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00. MIFFLIN & CO. HOUGHTON. Crown 8vo. $2.75 nei. ETHNIC TRINITIES AND THEIR RELATION TO THE CHRISTIAN TRINITY. 2E>* W>* A CRITICAL HISTORY OF THE EVOLUTION OF TRINITARIANISM AND ITS OUTCOME IN THE NEW CHRISTOLOGY. . Crown 8vo.ILebt lleonarD i^aine. $1. Boston and New York.

THE ETHNIC TRINITIES AND THEIR RELATIONS TO THE CHRISTIAN TRINITY A CHAPTER IN THE Comparative l^i^tor^ of Heligionsi BY LEVI LEONARD PAINE WALDO FBOrSSSOB OF ECCLESIASTICAL HISTOBY THEOLOOICAL SEMIKABT IN BAKOOB .** The true criticism of Dogma is its history " David Fbibdbich Stbauss BOSTON AND NEW YORK HOUGHTON. MIFFLIN AND COMPANY ^l^e KlitierjjiDe ptt^^. ^Tamlinbge 1901 .

igoi GENERAL . BY LEVI LEONARD PAINS ALL RIGHTS RESERVED Published September.T3 COPYRIGHT. I90I.

TO YALE UNIVERSITY MY ALMA MATER WHOSE FREE AND TOLERANT SPIRIT TOOK FULL POSSESSION OF ME IN MY COLLEGE DATS. AND HAS CONTINUED TO BE THE SPRING OP MY INTELLECTUAL LIFE AND TO PROFESSOR GEORGE P. FISHER DEAN OF YALE DIVINITY SCHOOL WHO SO ADMIRABLY ILLUSTRATES IN HIS LIFE AND WRITINCJS THE CHARACTER OF THE INSTITUTION WHICH HE ADORNS. THIS LATEST FRUIT OF MY HISTORICAL STUDIES IS DEDICATED 101S37 .

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and then to compare with each other these different stages of . Thus." Its object is to carry the history of trinitarianism back of its later its Christian form of development. is The and field as a whole vast in extent and complex intricate in its character. its histor- and trace primary sources as well as ical evolution through the various Ethnic its trinities until it enters Christian stage. it may regarded as a companion of my previous book: " A Critical and History of the Evolution of Trinitaits rianism. while the present volume fresh is an entirely properly be and independent work.PEEFACE The latest comparative history of religions field of is the and most productive investigation and discovery that historical science has opened. finding as I did that Christian trinitarianism — is only a part of a world-wide historical evolution that goes back to the very origins of religion itself. Outcome in the New Christology. it. This book deals with a single chapter of of the Ethnic trinities I was led to the study previous studies in by my the historical evolution of the Christian trinity.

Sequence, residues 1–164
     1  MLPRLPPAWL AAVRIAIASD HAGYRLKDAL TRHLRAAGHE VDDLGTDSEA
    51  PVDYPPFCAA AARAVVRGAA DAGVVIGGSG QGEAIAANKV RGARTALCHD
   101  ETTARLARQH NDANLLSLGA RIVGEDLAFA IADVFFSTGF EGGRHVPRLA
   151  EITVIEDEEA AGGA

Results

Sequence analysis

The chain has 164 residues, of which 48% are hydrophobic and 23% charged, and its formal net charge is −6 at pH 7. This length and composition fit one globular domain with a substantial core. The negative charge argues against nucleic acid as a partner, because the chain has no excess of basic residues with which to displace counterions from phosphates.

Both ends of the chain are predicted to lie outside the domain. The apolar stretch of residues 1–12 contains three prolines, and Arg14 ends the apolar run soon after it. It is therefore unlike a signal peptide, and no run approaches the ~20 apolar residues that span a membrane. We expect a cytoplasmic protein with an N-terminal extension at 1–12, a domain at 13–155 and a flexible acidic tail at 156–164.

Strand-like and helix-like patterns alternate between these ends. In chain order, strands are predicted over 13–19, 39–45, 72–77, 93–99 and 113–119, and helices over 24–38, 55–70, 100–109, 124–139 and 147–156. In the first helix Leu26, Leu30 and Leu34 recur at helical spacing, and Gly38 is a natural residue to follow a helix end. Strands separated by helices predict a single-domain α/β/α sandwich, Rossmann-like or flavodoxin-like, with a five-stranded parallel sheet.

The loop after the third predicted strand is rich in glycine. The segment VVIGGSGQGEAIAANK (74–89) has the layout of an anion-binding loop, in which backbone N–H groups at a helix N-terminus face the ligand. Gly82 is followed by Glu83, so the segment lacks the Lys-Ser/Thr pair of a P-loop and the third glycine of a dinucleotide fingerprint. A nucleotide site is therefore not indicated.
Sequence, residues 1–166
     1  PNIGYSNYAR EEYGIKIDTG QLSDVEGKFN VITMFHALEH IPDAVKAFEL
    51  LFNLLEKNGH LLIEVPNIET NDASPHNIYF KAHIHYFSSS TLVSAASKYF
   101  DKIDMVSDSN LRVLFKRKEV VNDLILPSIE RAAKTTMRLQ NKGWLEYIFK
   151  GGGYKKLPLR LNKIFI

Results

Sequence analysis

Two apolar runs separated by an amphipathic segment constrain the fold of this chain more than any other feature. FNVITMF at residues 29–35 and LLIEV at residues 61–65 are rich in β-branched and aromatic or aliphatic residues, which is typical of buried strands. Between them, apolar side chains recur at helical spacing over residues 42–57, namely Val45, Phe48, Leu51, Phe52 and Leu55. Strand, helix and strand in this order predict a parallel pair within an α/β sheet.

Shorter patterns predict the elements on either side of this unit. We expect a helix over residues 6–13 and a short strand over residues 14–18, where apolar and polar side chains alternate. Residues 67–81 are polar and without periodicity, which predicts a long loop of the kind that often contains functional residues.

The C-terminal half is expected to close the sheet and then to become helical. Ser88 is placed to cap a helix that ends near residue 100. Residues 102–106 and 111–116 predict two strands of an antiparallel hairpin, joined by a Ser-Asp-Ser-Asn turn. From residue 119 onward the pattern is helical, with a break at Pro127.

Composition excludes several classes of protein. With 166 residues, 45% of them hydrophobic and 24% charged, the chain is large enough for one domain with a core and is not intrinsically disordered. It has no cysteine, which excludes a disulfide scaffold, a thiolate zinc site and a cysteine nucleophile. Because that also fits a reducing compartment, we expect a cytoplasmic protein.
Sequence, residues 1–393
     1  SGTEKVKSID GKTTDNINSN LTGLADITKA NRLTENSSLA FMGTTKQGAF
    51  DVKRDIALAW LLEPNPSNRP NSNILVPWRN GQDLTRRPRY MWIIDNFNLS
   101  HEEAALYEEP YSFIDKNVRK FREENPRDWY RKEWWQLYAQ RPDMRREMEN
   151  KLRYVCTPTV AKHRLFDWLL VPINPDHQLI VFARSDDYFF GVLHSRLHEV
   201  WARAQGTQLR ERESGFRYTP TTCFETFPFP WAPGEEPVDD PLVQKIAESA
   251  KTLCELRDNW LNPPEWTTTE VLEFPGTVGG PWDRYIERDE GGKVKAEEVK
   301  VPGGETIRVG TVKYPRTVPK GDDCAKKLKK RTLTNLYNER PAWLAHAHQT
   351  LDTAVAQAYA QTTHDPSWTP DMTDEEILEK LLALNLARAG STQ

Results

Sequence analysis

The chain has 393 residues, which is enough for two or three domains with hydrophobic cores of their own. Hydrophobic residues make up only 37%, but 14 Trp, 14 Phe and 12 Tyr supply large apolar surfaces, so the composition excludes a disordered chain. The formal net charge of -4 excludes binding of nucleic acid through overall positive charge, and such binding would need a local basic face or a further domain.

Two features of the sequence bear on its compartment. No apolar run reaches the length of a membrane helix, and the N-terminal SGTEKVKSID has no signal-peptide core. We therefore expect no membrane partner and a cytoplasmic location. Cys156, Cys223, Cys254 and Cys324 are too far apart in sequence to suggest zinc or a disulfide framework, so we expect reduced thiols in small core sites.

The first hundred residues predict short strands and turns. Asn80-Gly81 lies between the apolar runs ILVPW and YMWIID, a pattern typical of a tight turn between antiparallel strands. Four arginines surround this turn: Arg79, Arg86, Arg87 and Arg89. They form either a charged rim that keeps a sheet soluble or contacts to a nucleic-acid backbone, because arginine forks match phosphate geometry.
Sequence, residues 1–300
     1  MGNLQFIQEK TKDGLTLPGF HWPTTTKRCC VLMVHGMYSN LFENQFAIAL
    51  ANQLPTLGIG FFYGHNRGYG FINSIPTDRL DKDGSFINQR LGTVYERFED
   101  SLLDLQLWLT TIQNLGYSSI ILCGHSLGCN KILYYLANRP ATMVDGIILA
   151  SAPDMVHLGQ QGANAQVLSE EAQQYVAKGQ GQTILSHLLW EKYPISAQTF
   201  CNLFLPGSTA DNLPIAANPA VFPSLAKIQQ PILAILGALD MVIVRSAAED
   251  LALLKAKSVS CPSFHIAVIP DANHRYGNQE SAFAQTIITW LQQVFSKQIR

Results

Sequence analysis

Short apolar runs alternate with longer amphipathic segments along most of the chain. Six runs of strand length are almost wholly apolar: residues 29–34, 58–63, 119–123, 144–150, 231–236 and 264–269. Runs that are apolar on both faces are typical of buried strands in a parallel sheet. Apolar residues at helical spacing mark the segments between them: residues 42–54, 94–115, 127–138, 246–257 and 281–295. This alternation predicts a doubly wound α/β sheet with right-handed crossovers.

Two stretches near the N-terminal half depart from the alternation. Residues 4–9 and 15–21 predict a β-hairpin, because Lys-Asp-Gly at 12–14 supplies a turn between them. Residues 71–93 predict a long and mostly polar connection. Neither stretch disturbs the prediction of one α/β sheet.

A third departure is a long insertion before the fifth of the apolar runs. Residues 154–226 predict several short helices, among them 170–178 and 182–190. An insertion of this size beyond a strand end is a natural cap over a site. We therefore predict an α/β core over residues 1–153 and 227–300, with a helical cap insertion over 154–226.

is absolutely essential to the under- standing of Christian mediaeval philosophy and theology.7i PREFACE and draw from such comparison a point of criticism by some of religious thought its historical conclusions. and of the modern ideas that have been Scholars are coming to reallittle evolved from them. pantheistic In fact. and con- . the Plotinian monism is increasingly regnant in mod- ern philosophy. While I have restricted myself to a single phase it of the general history of religions. and above all of Plotinus. It may be made my readers that I have entered so deeply and fully trin- into the philosophical development of itarian thought . and that his influence to-day has eclipsed that of his great masters. not to say in Christian theology. should be borne in mind that the evolution of the idea of God is central to all religious thought. ize ciated — what — until recently has been appre- that Plotinus was the most original and acute philosophical thinker since Plato and Aristotle. It may be said that not a few of the historical and metaphysical blunders that have had vogue in past histories of Christian doctrine have arisen later transformations of from ignorance of those Platonism which are so clearly set forth in the speculations of Plotinus. Greek but rate knowledge of my apology is that an accuNew Platonism.